In his response to my opinion piece on the Arts and Humanities Research Council, its chief executive, Philip Esler, restates the policies of Research Councils UK (cue theme tune of Yes, Minister), but reveals more than he seems to realise when he so approvingly notes Steve Smith's knuckle-rapping of the arts and humanities for their failure to "co-operate with the Government's demands" ("We inhabit a changed world, and it is our duty to engage with it", 30 April).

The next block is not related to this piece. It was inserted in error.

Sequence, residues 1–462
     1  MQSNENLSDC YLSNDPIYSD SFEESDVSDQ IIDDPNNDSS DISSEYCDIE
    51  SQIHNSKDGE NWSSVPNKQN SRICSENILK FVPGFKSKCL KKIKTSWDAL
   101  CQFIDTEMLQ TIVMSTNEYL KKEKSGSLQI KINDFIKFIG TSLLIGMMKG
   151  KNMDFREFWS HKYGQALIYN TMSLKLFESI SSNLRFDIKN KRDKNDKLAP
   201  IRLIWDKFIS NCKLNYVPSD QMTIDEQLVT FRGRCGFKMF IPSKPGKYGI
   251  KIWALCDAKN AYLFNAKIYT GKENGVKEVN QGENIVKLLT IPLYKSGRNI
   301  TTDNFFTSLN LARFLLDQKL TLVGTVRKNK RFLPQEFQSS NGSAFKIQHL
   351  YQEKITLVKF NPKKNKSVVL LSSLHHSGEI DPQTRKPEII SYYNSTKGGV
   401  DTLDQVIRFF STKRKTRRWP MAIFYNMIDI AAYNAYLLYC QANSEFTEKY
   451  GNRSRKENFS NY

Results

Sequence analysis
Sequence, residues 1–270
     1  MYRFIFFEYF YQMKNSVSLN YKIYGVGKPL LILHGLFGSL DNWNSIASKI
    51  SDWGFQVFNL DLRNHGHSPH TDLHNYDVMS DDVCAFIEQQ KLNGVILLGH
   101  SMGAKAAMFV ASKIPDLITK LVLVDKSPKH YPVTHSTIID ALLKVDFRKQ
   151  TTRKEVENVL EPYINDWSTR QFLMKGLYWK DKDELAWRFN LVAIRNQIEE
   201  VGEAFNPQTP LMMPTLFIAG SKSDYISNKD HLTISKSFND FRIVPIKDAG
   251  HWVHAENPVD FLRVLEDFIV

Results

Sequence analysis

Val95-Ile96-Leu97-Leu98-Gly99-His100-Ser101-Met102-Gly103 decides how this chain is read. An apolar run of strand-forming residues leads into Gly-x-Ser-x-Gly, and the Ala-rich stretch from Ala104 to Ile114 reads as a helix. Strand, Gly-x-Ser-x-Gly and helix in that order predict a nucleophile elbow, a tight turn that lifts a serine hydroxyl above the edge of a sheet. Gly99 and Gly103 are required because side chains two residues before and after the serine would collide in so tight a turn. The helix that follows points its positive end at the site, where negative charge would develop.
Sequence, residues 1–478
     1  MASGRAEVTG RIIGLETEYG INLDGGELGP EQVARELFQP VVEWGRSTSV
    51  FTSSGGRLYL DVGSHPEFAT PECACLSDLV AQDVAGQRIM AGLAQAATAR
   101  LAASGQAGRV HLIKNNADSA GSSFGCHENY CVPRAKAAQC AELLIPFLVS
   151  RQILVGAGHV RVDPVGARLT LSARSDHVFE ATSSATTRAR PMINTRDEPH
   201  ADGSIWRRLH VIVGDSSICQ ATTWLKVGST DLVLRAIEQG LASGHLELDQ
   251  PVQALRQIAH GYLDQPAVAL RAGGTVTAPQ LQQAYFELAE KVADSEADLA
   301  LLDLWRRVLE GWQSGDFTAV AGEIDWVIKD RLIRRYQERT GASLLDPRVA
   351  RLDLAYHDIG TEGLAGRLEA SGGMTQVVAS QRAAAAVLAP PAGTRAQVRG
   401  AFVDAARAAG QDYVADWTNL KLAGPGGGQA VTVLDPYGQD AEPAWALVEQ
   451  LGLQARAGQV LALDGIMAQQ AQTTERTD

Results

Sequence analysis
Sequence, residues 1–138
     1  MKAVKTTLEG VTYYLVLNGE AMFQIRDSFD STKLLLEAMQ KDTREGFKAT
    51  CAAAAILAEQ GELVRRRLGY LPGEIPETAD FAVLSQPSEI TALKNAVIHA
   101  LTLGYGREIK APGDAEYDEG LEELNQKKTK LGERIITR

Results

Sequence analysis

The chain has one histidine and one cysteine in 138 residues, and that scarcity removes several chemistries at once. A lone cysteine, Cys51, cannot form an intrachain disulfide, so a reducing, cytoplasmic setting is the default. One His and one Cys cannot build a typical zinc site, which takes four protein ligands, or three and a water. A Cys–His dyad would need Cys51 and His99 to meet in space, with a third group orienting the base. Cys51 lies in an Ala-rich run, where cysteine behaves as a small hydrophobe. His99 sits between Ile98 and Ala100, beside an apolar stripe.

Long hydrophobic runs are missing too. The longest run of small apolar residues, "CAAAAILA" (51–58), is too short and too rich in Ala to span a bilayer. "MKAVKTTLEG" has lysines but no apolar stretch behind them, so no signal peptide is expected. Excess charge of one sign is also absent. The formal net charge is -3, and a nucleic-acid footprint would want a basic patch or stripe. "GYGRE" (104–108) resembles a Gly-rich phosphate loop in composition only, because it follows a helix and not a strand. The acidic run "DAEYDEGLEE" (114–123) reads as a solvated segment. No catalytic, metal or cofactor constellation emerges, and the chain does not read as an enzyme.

In Esler's idyllic world, research impact is a measurable quantity that can be conceptualised in ways that "fall within the Treasury definition of 'economic impact'" (as it says in his consultation document). It can also be meaningfully estimated in advance by hopeful grant applicants in their obligatory impact summary and plan. In the real world - the world in which taxpayers support Esler's salary as he sets up his Swiftian mechanisms for measuring the unmeasurable - the goal of assessing the impact of research remains "as elusive as ever", even in the sciences, let alone the arts and humanities, as is pointed out in Zoe Corbyn's article in the same issue ("Bang for your bucks").
Peter Barry, Aberystwyth.